When populations increase and come into contact with other population, they often encounter diseases for which they have no immunity – and the results can be devastating. There are many examples.
- In 430 BC when the Athenians encountered the Persians in the Peloponnesian Wars, they also encountered typhoid fever which killed a quarter of the population of Athens in the next four years.
- Around 165 AD, Roman soldiers returning from the Middle East brought smallpox to Italy – and five million people died from the disease.
- In the 530s, Justian’s Byzantine armies conquered North Africa. In 541, bubonic plague, probably brought by rats in wheat shipments from Egypt, broke out in Constantinople, killing possibly 80% of the city’s inhabitants. It spread throughout the known world, eventually reducing Europe’s population by 40%.
- Bubonic plague was again brought to Europe in 1348, probably by Italian traders returning from the Crimea. Between 20 and 30 million Europeans died.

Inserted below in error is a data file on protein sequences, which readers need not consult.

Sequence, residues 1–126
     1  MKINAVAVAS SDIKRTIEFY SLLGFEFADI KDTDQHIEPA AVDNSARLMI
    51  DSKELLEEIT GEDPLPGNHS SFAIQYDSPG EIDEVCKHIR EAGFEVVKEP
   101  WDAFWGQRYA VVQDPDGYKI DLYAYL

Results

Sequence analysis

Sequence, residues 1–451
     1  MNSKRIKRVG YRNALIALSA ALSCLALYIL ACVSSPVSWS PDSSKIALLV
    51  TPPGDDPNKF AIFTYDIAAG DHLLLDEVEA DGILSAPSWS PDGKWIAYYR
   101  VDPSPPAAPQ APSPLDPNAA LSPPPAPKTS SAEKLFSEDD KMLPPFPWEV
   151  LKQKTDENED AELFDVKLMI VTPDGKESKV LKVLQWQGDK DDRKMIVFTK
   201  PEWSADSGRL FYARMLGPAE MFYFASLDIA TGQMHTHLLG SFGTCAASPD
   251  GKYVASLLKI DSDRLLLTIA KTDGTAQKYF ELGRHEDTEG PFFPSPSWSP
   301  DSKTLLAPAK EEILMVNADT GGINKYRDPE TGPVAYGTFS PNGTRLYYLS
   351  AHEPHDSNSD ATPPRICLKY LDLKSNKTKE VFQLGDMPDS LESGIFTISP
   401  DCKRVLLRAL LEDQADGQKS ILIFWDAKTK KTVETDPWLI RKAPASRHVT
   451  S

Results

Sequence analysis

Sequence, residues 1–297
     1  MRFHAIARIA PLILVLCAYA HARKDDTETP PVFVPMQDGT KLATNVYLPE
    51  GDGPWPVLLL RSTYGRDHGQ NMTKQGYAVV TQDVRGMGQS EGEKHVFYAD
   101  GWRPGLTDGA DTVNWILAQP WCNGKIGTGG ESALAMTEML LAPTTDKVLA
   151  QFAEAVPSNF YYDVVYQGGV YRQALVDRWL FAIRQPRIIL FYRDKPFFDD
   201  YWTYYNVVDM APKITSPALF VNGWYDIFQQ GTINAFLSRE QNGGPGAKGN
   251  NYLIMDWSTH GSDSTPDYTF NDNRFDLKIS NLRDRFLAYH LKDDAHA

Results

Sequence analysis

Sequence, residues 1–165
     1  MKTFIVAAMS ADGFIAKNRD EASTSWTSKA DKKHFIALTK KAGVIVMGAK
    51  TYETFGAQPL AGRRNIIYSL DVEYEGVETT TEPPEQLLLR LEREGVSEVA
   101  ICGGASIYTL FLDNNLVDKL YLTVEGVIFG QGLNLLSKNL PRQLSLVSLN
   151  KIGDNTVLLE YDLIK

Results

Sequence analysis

- Diseases, such as smallpox and measles, brought by Europeans to South America in the 16th century, wiped out up to 90% of the native poulation.
- British traders and soldiers brought cholera from India to London in 1832 and spread it to the Americas by 1834.
- Spanish flu, spread by American troops during the First World War, killed between 50 and 100 million people. In Fiji, 14% of the population died in just two weeks.
We now have much larger populations and much more contact between them. HIV/Aids has killed more than 25 million people and over 30 million now have the disease. Several other diseases have the potential to become pandemics – SARS, bird flu, Lassa fever, Rift Valley faver, Marburg virus, Ebola virus and Bolivian hemorrhagic fever are all highly contagious, deadly diseases.
At the same time antibiotic-resistant “superbugs” could allow the re-emergence of diseases, like tuberculosis, which are currently controlled – approximately 50 million people worldwide are already infected with forms of TB which are multi-drug resistant.
Furthermore, there are fears that global warming could mean that diseases like malaria, which are now largely confined to tropical regions, could spread more widely. Malaria currently causes between one and three million deaths a year.